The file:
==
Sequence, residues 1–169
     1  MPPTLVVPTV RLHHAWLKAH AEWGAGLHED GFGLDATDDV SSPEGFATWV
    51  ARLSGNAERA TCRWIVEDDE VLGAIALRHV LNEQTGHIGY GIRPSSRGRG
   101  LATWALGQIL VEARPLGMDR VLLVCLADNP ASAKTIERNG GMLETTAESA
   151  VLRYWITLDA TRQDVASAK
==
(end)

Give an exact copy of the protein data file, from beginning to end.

Sequence, residues 1–169
     1  MPPTLVVPTV RLHHAWLKAH AEWGAGLHED GFGLDATDDV SSPEGFATWV
    51  ARLSGNAERA TCRWIVEDDE VLGAIALRHV LNEQTGHIGY GIRPSSRGRG
   101  LATWALGQIL VEARPLGMDR VLLVCLADNP ASAKTIERNG GMLETTAESA
   151  VLRYWITLDA TRQDVASAK